Reengineering the Corporate Culture of Hospitals

By Johnson, Joyce; Billingsley, Molly | Nursing and Health Care Perspectives, November-December 1997 | Go to article overview

Reengineering the Corporate Culture of Hospitals

Johnson, Joyce, Billingsley, Molly, Nursing and Health Care Perspectives

How nursing leadership can prevent the hospital bus from going to Abilene.

As we move closer to the turn of the century, the American health care system continues to provide management experts with a wealth of case studies describing the winners and losers in today's business environment. Winners in this cost-conscious era of institutional reengineering, said Senge in his best-selling book The Fifth Discipline (1990), are those organizations that bind together around a common identity, a sense of destiny, and a shared commitment to reconciling the existing threats to their survival. Senge suggests that the organizations that are able to tap people's commitment and capacity to learn at all levels of the structure will overcome the type of maladaptation to business threats so commonly seen in corporate failures today.

Such maladaptation in the business environment and its consequences in terms of economic and psychic losses was popularized by Harvey (1988) in his now classic work The Abilene Paradox and Other Meditations on Management. The Abilene paradox is a real-life story of Harvey and three other family members who agree to take a car trip across the desert. They suffer through a very unpleasant trip, with heat, dust, unpalatable food, and fatigue, only to discover after returning home that no one really wanted to take the trip in the first place.

Harvey, a psychologist and management science professor at George Washington University in Washington, D.C., uses this scenario to represent what he considers to be the major source of organizational dysfunction in the business environment today, i.e., the inability to manage agreement. Although individual members might privately agree about the nature of the dilemmas facing their organization, they more often fail to communicate their beliefs to one another. Collective decisions within the organization, based on incomplete and often faulty information, then lead to actions that are counterproductive to the organization's purposes, and sometimes its viability. Employees then experience growing frustration and dissatisfaction as the cycle repeats itself with even greater intensity.

Although it may be difficult to admit, hospital managers and their employees have undoubtedly taken more than a few trips to Abilene in the last decade. Prior to direct reimbursement groups and health care reform, hospital culture--the norms, values, and beliefs pervasive within the organization--could be characterized as typically dysfunctional. Although they should have been, many hospitals were not organized to accommodate patients. Patient satisfaction was often not a high priority, and employee satisfaction was of even less importance. Cost and quality determinations were not conducted. Staff were unaware of or uninterested in the cost of supplies, and there was often a lack of teamwork and a high degree of internecine warfare within health care institutions.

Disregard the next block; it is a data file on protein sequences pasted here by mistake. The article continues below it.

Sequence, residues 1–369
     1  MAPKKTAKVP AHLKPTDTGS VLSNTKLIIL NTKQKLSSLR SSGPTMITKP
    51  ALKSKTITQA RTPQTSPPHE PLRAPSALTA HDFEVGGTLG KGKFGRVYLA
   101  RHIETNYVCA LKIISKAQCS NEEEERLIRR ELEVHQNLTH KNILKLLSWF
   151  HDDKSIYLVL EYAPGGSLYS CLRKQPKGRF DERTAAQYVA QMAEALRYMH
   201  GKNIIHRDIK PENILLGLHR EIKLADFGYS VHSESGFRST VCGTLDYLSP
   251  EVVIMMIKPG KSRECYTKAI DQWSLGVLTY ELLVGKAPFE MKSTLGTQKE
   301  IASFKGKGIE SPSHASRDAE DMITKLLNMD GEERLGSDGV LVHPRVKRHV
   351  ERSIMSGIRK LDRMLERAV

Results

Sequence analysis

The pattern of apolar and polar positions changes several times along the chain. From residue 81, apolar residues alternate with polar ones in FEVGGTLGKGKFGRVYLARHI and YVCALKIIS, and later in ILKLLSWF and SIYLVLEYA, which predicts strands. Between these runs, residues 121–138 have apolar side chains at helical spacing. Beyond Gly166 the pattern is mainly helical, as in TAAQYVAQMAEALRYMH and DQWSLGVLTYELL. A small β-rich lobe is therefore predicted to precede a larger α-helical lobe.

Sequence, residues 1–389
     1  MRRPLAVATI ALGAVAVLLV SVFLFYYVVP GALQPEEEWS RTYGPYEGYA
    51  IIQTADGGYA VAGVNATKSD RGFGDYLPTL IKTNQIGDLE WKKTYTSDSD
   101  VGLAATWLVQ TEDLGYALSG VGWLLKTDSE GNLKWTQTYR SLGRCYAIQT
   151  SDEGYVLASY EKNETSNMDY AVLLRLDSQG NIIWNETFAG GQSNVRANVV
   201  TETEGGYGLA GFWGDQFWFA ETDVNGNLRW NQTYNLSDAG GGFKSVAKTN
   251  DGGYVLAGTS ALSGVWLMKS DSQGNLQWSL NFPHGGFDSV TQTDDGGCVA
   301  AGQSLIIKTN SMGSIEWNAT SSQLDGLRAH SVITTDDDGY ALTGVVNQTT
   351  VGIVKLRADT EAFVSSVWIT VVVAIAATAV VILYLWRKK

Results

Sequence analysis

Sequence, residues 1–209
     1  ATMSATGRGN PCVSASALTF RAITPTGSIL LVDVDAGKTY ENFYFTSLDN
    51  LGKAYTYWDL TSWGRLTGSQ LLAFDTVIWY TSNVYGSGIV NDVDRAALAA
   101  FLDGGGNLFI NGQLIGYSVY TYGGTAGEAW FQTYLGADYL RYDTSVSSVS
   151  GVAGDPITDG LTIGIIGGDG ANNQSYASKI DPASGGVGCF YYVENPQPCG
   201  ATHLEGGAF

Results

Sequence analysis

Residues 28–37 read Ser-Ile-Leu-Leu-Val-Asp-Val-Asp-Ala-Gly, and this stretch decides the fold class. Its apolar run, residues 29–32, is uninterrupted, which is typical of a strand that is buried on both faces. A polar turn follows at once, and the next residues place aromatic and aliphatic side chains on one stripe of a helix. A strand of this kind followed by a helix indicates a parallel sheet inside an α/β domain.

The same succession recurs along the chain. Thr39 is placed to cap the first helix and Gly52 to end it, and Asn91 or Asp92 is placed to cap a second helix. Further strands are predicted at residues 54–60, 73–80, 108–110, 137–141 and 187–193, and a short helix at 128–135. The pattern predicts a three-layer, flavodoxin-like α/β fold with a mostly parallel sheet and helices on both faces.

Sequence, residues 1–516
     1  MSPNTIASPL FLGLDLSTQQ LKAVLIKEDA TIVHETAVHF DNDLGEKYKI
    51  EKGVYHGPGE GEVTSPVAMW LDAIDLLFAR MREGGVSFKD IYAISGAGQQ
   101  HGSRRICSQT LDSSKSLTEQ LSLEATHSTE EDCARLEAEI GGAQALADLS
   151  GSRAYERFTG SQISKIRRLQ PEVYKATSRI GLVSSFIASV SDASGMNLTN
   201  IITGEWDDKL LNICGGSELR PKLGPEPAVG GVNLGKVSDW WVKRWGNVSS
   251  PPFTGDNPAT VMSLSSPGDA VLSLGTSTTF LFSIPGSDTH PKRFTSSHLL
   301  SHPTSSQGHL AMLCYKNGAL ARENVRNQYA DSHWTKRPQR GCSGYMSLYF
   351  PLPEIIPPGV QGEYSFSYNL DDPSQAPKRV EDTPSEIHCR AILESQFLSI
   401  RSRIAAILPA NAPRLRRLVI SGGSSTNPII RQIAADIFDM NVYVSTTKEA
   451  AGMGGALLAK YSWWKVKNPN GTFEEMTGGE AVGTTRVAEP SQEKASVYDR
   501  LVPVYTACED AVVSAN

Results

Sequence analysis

Prior to health care reform efforts in the early 1990s, the prevailing characteristic in health care institutions was the absence of a service orientation for patients, hospital colleagues, and other departments within the institution. Employees who were concerned about these trends often didn't speak up because of the apparent hopelessness of the task or their anxiety about losing their positions in increasingly cost-conscious times. These employees, as well as other members of the staff, then suffered the consequences when their institution floundered economically. As Harvey would say, they took the bus to Abilene.

Hospitals no longer have the number of patients we are organized to treat, those patients don't stay as long as we think they should, and payors won't reimburse whatever we charge. Adapting to these realities has required systemic and personal change, and leadership that can engineer a major shift in the corporate culture of hospitals.

According to Schein (1985), corporate culture is a pattern of basic assumptions that has worked well enough to be considered valid, and to be taught to new members as the correct way to perceive, think and feel. …

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